This paper examines the systems at Pennsylvania State University that contribute to our RIM ecosystem; how and why we developed another piece of supporting infrastructure for our Open Access policy and the successes and challenges of this work.

Strategies for Preserving Digital Scholarship / Humanities Projects

Por Kirsta Stapelfeldt, Sukhvir Khera, Natkeeran Ledchumykanthan, Lara Gomez, Erin Liu, and Sonia Dhaliwal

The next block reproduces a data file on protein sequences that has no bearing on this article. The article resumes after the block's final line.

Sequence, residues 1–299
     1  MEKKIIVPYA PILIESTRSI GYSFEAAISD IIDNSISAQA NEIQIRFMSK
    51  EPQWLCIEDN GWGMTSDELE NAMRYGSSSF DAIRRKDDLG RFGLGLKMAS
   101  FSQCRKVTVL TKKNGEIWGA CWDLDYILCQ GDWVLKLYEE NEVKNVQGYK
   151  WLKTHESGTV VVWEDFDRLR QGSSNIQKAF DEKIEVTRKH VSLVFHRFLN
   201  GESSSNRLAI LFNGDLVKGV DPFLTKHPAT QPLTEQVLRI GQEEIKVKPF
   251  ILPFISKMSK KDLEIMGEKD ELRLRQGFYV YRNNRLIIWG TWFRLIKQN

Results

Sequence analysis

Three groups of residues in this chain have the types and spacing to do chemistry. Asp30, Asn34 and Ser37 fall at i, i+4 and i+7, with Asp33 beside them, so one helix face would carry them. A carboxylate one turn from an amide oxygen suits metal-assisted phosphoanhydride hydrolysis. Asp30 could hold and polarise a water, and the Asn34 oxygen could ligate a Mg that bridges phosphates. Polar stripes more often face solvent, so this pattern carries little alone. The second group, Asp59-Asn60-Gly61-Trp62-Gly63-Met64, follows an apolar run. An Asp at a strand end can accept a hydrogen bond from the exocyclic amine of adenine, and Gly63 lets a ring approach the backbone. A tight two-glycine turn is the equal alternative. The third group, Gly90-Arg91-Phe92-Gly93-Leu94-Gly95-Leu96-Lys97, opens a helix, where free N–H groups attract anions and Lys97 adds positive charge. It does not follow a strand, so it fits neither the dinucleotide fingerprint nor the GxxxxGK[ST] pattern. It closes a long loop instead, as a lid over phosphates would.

The Digital Scholarship Unit (DSU) at the University of Toronto Scarborough library frequently partners with faculty for the creation of digital scholarship (DS) projects. However, managing completed projects can be challenging when it is no longer under active development by the original project team, and resources allocated to its ongoing maintenance are scarce. Maintaining inactive projects on the live web bloats staff workloads or is not possible due to limited staff capacity. As technical obsolescence meets a lack of staff capacity, the gradual disappearance of digital scholarship projects forms a gap in the scholarly record. This article discusses the Library DSU’s experimentations with using web archiving technologies to capture and describe digital scholarship projects, with the goal of accessioning the resulting web archives into the Library’s digital collections. In addition to comparing some common technologies used for crawling and replay of archives, this article describes aspects of the technical infrastructure the DSU is building with the goal of making web archives discoverable and playable through the library’s digital collections interface.